Surviving the end of high school athletics

ED THOMPSON

When it comes to recalling my athletic exploits, the axiom is true: “The older I get, the better I used to be.” The truth is, however, most of my athletic memories involve hospital rooms, casts, crutches and extra strength Tylenol. I had a heart for football, but knees for X-box.

My wife, Jenn, never actually saw me play football when we were students at Wheaton College. She did, however, visit me in the hospital where I slightly embellished how I sustained my season-ending knee ligament tear. If memory serves, it was whilst tossing a perfect 127-yard touchdown pass between eight defenders while being tackled by 14 rabid linebackers, the opposing team coaches, and a few cheerleaders. It was quite a play.

I exchanged my football cleats for a seat in the bleachers long ago. And what a great seat it has been. Front row and center for the past 12 years; a constant barrage of football, soccer, basketball, volleyball, baseball games and practices. But then, in an instant, it came to a jolting stop. Our youngest played his last high school game and suddenly it was all over.

We knew this day was coming; it had to. It took a slow, inevitable route beginning with our oldest. I distinctly remember his last high school football game and the slow, agonizing walk off the field. Shoulders were slouched giving way to heavy sobs. And my son wasn’t doing much better, either. But when our eldest son’s high school athletic career came to an end, we still had two more to cheer on. That meant our calendar remained full of football, soccer, basketball, volleyball and baseball. Then suddenly, my daughter’s soccer games were over; then her volleyball. The writing was on the wall the entire time, but with one kid still in the system, the business continued. Then, on a normal day, our last high school game was played and, just like that, it was over.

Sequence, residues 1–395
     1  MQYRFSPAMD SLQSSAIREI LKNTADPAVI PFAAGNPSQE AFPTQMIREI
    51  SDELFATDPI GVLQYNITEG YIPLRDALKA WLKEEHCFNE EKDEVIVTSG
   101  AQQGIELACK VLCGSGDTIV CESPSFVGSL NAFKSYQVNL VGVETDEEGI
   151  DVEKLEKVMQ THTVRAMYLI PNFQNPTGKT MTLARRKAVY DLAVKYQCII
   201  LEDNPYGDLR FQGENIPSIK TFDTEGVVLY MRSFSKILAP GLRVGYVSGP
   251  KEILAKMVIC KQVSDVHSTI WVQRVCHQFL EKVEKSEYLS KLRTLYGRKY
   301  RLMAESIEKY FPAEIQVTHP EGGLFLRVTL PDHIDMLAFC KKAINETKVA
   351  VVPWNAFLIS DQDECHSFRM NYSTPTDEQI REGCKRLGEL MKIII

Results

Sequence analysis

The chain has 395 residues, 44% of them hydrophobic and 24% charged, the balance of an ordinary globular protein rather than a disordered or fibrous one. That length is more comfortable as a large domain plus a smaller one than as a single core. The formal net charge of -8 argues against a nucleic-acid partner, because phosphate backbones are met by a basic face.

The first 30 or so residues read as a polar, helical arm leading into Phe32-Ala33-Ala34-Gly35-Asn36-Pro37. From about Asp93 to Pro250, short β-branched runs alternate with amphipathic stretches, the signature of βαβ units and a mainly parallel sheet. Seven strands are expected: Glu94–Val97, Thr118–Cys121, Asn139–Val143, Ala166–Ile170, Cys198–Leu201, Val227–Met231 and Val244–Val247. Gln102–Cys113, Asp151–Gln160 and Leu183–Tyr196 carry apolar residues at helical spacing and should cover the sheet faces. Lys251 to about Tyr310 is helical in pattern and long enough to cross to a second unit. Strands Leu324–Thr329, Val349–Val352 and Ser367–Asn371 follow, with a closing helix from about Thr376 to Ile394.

Erma Bombeck said she took a very practical view on raising children. She put a sign in each of their rooms which read, “Checkout time is 18 years.” My wife continues to remind me that our job as parents is to prepare our children for “checkout time.” As custodians of God’s prized possessions, we hope and pray that we’ve filled them with confidence, dreams, determination, and faith and trust in a loving God. When checkout time arrives, the ones with the biggest adjustments are often us parents. We go from years of whirlwind activity to the unfamiliar territory of calm and quiet. Suddenly, it’s just the two of us again and that’s both exciting and a little scary, too.

As it turns out, hanging out with my wife is pretty awesome. And to my great relief, I think she likes hanging out with me, too. So, it appears we’re going to survive the end of high school athletics. And if our recent trip out west is any indication, this new chapter in our lives is going to be rather fun and exciting. Today, highlighted on our calendars, are those wonderful college break visits and vacation days. And of course, just because they’ve “checked out”, doesn’t mean they won’t be visiting. After all, right next to that “checkout” sign is another sign that reads “welcome home”.

P.S. To our great delight, our youngest is continuing his athletic career at the University of Miami. We have many football and baseball games yet to enjoy.

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